Las Vegas – The Hearts On Fire concept store will open here next week with some notable omissions for a jewelry boutique: Gone are the heavy doors, long display cases, and the cash register.
It’s part of a strategy to establish itself as approachable jewelry store for modern, tech-savvy consumers. The 16-year old jewelry maker, which has 14 stores but mostly sells through independent jewelers, says it aims to open as many as 75 stores in the next five years, from Pennsylvania’s King of Prussia mall to China.
While it sounds like a novel you might read privately on your kindle, the Hearts On Fire name refers to its proprietary diamond cuts, which are marketed with a high-tech twist. Usually a special magnifier, salespeople - trained by the diamond brand - show customers the “hearts” and “fire” that can be seen in the diamond. While not as high end as Cartier, the company sells pricier goods than Zales. Its jewelry ranges from $1,000 to $1 million, with an average sales value of $8,000 for an engagement ring and $3,500 for other jewelry, such as earrings and necklaces.
To help create the new store concept, Hearts On Fire hired Eight Inc., the architectural firm that designed the Apple concept store. Jewelry customers will be able to roam freely, sit in groups at “community” tables while trying on jewelry, and play on a touch screen “knowledge wall.” Salespeople carry iPads or HP tablets that they can use to ring up shoppers. The can also use the tablets to create a “shopping cart” of items that can be emailed to the client – or sent as a hint to someone else.
From its minimalist glass front to its brightly lit glow, the Las Vegas store’s exterior is reminiscent of Apple’s glass-box stores. A “veil” of stainless steel pipes, hung floor to ceiling, guides people through zones in the store. “I feel like I’m in the Jetsons,” said Tracey Hatter a former Tiffany’s and Saks Fifth Avenue saleswoman who underwent the company’s sales training this week.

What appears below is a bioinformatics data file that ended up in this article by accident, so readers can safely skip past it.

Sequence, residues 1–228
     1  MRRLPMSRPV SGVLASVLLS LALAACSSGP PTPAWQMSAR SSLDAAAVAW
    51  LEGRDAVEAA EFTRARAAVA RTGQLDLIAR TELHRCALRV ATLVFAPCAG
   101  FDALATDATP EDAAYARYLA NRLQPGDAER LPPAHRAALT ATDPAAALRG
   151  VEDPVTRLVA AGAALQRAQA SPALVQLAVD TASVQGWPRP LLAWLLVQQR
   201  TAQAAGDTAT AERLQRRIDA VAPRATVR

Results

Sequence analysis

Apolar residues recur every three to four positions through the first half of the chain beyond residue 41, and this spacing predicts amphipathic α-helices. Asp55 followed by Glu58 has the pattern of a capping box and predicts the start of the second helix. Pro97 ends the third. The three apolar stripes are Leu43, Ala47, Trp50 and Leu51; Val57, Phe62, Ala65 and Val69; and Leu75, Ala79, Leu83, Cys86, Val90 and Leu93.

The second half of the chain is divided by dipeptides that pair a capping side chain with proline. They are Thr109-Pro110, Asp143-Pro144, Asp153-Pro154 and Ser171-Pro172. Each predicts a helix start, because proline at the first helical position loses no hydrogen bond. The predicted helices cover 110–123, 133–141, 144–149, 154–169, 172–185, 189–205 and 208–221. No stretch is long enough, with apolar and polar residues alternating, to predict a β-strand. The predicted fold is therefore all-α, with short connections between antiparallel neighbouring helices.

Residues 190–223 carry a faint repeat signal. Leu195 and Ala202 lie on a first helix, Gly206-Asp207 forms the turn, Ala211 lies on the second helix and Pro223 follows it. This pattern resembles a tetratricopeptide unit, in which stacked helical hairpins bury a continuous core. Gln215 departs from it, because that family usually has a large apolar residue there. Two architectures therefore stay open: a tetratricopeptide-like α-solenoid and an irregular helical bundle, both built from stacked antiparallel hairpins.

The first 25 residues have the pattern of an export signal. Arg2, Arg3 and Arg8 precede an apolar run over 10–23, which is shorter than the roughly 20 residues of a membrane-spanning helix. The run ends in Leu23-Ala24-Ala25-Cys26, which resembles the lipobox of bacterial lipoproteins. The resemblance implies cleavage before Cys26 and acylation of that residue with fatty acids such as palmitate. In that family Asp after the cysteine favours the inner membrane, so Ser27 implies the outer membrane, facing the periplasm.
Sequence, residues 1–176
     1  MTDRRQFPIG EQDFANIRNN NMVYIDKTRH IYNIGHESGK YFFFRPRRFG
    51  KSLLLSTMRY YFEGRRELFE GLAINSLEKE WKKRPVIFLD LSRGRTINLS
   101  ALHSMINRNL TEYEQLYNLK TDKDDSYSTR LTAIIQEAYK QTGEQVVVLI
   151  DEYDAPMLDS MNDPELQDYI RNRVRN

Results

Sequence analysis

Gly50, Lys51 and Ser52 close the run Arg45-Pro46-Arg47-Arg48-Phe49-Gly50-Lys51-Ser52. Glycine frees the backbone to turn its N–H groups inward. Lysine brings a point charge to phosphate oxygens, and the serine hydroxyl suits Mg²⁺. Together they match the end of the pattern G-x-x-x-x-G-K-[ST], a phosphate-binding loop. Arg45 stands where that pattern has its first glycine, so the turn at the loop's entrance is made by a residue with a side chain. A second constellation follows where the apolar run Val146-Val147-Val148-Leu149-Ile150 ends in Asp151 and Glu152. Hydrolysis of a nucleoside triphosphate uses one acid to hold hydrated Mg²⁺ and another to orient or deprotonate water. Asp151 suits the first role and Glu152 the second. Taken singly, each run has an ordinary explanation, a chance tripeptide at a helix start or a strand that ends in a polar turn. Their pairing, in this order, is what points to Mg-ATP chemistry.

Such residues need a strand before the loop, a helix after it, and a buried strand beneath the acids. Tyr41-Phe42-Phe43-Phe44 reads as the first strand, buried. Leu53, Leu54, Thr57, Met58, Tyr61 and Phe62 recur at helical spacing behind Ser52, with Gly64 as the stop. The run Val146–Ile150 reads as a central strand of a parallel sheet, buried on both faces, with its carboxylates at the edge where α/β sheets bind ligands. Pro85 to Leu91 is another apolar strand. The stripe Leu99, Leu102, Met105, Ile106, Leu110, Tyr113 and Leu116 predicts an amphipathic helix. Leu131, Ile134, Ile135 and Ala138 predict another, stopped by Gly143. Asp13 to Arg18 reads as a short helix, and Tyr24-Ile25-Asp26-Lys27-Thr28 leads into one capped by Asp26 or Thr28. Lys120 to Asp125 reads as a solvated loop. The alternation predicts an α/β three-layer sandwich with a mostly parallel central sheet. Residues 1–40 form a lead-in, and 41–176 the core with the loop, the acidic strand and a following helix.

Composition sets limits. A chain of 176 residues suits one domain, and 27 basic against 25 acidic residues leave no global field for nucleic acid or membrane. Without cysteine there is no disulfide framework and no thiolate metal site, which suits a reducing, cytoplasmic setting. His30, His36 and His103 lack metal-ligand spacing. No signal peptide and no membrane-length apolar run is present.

Jewelry in patent-pending “jewel-box” display case sits at eye level. A salesperson swipes a card to unlock the box, allowing a drawer to drop open and a mirror to pop up. The lighting shifts from a bluish light that highlights the diamonds’ rainbow shine to a glow more flattering to skin.
At the training sessions in Las Vegas, the salespeople – a team of 10 who spoke languages including Spanish and Mandarin – were told to forget what they had learned about selling diamonds in the past.
Thirty percent of shoppers leave a jewelry store saying they’d never return to that store, said Ellen Maloney, the company’s executive vice president. “Other companies in other industries have elevated the entire shopping experience.”
Hearts On Fire President Mark Israel says customers encounter barriers at a traditional store, such as a bouncer-like doorman, display cases that keep shoppers 18 inches away from products and limits how many items people may look at individually. “It ends up being an intimidating experience,” he says.
In one exercise, Mr. Israel had pairs of salespeople stand on opposite sides of a chair and then move to the same side. “We’re partners as opposed to opponents,” he says.
Women play in shoe stores, and they should be able to “play” in this store without being told the salespeople, who will work on an hourly wage plus commission. There will be no limit on trying on multiple pieces.
Salespeople were coached to lead shoppers to the community tables where customers are encouraged to gather. The seating enable customers to chat with neighbors comfortably. They’re a “place to get the opinion of the stranger next to you,” said Mr. Israel. Trainees were urged not to intercede when customers begin talking with each other. “You’ve got to give up some control,” Mr. Israel advised, speaking of a fictitious neighbor at the table. “She’s going to do all your work for you.”
It remains to be seen whether customers warm up to the unusual new stores. Oshrat Herscu, a trainee who formerly worked at H. Stern jewelers, said she wasn’t thrown off by the new sales techniques. Her worry, instead, was “educating the customer about this brand name they’ve never heard of.”